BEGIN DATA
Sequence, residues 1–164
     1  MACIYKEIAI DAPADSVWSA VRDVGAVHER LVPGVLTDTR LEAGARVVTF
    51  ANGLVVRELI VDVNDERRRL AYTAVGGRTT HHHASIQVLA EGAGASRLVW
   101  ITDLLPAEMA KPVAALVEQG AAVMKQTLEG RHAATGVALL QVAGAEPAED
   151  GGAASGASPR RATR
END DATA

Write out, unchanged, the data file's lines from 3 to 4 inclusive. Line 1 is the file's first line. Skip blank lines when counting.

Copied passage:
    51  ANGLVVRELI VDVNDERRRL AYTAVGGRTT HHHASIQVLA EGAGASRLVW
   101  ITDLLPAEMA KPVAALVEQG AAVMKQTLEG RHAATGVALL QVAGAEPAED